By Jamie Bosse

In the words of the late Dick Wagner, “Financial planners help their clients spend less, save more and not do anything stupid.”  There are a lot of choices you have to make in life, and some can cost you in the long run if you don’t have the right guidance.  Many people wait until they’re nearing retirement to do any planning.  Statistics show that those who work with a comprehensive planner are better off in retirement than those who don’t.

Here are some life changes and “triggers” that might warrant a meeting with a financial professional:

1. You’ve changed jobs or are considering a change:

Whether you are changing companies, starting your own business, or moving up the ladder at your current firm, there are many planning considerations to evaluate.  You may have new benefits, a change in health coverage, or a new compensation structure.   You may want to rollover your old 401(k) plan and evaluate how to invest it.  If you are losing life insurance coverage, now may be the time to purchase some coverage outside of an employer plan.

2. Your marital status has changed:

Getting married, remarried, or divorced are all major life changes that will take some time to get used to.  You may need to merge or diverge your income, which could change how you manage cash flow and the goals that you are striving for.  Most of the time, there is relocation involved.  How much house can you afford?  Should you buy or rent?  How will the bills be paid going forward?

3. You’ve added to your family:

Adding a child obviously has a large impact on your financial plan.  Will your income change because one parent chooses to stay home or move to a less stressful career path?  How will you handle the lack of income during maternity and/or paternity leave?  If both parents are working, how will you adjust your cash flow to pay $12,000 in daycare expenses each year?  Does the additional family member warrant a move to a larger home or a remodel to your existing home?

According to CNN Money, it costs $233,610 to raise a child from birth to age 17.  That is some serious dough, and does not even include college expenses!  Now that someone is dependent on you for survival, having the right amount of life insurance and an estate plan become very important.

4. You’re caring for an aging parent:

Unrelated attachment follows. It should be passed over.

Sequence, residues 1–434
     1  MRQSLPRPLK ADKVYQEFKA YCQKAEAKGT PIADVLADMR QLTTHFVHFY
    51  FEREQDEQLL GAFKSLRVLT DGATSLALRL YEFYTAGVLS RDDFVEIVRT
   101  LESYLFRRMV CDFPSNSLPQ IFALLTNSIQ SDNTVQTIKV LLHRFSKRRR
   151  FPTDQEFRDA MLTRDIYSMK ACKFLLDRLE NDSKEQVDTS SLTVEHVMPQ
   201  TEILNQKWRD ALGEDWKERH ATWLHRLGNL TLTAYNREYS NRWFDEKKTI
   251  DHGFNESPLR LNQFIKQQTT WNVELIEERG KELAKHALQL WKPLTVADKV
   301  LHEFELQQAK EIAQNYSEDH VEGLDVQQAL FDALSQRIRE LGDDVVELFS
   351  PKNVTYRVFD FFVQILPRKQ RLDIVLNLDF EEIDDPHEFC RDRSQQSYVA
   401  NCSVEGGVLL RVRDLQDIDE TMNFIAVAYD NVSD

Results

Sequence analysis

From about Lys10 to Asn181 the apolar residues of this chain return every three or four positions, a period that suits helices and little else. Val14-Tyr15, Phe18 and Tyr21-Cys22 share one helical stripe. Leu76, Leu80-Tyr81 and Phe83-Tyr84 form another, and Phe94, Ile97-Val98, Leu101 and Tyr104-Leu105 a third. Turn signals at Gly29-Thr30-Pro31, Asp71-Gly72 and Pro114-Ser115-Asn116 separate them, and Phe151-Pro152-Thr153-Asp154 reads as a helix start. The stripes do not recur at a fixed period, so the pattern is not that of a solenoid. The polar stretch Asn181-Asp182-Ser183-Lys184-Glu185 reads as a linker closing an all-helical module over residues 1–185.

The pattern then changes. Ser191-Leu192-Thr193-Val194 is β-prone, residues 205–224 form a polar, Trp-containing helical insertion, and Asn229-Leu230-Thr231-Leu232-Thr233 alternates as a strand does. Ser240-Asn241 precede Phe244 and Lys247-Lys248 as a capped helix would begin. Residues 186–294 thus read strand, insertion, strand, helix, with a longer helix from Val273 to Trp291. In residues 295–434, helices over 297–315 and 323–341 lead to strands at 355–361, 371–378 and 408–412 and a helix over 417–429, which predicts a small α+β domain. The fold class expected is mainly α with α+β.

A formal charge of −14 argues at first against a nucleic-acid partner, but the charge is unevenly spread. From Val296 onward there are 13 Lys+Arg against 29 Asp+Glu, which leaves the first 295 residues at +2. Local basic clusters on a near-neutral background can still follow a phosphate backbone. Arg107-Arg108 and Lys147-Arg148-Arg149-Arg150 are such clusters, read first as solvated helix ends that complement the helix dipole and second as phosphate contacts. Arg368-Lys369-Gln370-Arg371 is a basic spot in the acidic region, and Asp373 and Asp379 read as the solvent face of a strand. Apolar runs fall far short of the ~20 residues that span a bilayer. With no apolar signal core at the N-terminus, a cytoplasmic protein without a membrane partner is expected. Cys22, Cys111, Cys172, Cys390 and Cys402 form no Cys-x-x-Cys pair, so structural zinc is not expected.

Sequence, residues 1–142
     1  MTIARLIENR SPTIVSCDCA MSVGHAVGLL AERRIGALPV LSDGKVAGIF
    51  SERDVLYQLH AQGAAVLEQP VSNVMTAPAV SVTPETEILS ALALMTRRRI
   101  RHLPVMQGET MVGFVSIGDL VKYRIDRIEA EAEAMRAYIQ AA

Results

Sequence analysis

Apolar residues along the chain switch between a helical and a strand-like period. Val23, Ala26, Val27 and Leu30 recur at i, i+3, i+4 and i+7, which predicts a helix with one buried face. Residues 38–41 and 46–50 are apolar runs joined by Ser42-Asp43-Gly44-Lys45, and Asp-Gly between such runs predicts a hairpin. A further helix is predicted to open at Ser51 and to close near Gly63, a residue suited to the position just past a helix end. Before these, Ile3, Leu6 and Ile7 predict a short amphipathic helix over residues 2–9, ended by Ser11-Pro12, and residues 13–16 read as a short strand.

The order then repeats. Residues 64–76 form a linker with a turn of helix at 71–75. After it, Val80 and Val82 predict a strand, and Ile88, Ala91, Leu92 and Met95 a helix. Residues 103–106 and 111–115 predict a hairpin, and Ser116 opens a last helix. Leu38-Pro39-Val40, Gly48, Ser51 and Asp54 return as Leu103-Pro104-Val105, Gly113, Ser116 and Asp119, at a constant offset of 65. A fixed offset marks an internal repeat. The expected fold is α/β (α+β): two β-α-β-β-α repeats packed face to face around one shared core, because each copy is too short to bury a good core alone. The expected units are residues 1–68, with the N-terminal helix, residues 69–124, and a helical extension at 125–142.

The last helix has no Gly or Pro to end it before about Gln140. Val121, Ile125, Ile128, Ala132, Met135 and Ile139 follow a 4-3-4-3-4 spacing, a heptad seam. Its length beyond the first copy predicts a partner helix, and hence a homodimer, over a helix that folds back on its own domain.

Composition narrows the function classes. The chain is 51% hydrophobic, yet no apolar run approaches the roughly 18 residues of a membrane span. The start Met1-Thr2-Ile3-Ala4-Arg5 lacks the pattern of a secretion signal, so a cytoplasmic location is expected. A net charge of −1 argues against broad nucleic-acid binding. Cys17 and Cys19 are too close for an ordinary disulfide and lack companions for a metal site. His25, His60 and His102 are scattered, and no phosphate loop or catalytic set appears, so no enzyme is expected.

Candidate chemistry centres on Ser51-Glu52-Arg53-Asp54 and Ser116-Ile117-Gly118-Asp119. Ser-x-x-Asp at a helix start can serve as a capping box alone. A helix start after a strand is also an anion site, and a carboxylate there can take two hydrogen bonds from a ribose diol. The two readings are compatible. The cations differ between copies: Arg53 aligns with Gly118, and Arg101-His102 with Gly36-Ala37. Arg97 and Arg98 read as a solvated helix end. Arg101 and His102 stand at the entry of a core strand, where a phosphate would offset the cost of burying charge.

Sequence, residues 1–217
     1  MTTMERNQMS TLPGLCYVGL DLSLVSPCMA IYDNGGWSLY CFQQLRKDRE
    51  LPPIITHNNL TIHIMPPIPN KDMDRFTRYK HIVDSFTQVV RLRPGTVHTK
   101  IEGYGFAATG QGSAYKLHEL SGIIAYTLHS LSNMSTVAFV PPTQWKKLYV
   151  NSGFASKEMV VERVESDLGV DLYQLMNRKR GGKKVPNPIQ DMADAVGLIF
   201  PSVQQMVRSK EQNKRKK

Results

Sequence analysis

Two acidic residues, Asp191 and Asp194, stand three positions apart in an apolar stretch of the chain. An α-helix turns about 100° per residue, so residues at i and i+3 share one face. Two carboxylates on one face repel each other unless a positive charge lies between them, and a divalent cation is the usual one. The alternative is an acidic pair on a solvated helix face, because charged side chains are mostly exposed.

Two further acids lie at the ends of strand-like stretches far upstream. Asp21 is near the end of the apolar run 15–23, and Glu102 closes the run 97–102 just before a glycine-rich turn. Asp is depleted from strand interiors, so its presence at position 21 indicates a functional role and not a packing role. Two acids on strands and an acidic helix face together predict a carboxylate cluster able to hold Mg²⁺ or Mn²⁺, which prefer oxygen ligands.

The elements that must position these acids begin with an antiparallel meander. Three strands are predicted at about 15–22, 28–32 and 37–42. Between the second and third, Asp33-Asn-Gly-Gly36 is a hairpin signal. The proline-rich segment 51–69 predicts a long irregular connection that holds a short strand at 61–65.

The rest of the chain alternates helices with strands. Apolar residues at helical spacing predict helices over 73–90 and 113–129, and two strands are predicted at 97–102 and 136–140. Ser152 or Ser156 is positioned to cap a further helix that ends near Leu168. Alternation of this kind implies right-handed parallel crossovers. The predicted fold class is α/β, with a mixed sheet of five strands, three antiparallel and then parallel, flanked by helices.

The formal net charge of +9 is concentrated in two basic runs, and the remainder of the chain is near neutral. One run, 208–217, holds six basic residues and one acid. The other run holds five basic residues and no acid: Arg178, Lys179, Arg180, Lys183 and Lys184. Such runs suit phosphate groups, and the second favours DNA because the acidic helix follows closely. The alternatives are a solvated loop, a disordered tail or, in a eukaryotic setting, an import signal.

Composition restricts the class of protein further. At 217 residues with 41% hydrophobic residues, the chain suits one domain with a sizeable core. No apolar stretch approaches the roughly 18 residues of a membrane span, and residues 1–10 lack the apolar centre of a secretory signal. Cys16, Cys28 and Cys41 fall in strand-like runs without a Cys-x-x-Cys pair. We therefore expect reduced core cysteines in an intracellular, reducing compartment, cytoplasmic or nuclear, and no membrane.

Many people are stuck in the difficult position of caring for an aging parent while also trying to raise their own children and get ahead in their career.  A financial planner can help you understand what assistance might be available to you and how to handle this situation.  Who will take care of them if something happens to you?

5. You’re making good money but still living paycheck to paycheck:

Managing cash flow can be tough for people at all income levels.  On one hand, you have fixed expenses that are the same every month.  On the other, you have unexpected surprises and emergencies that can throw you for a loop or cause you to go into debt.  A planner can help you be prepared for emergencies and help set up a cash flow management system that works for your unique situation.

6. You’re just not sure if you’re doing the right things, making the right moves:

You feel like you’re in a good spot financially, but you just don’t know for sure.  A planner can help give you peace of mind that you are on the right track to meet your specific goals, including:

  • Large purchases – houses, vacation houses, business mergers or acquisitions, boats, etc.
  • Sending kids to college – How can you maximize financial aid? When do you apply?  Which expenses are allowed and which are not?  Which accounts should you withdrawal money from to pay for college expenses?
  • Compensation planning.
  • Retirement and other long-term financial goals

Financial planning is about using the resources we have along with our current and future income to build the life we want.

A study published in the Journal of Financial Planning concluded that those who work with a comprehensive financial planner to calculate their retirement needs and go through the planning process generated 50 percent greater savings than those who estimated their retirement needs on their own.  Stop guessing if you are doing the right things and meet with a financial professional to know for sure.

Make sure you are working with a comprehensive financial planner, not just an investment manager who is selling products and not making a plan for your future.   A planner can help you evaluate and navigate life’s minor and major decisions and design a roadmap to get you where you need to be.  Sooner is better – more time to change course or repair any damage that has already been done.  Think it’s too late to get started?  The best time to start planning might have been 10 years ago, but the second best time is today.

For help with your specific situation, contact Jamie Bosse at (913) 345-1881 or visit our website at  We help successful people Master What’s Next® – whatever phase of life they are in.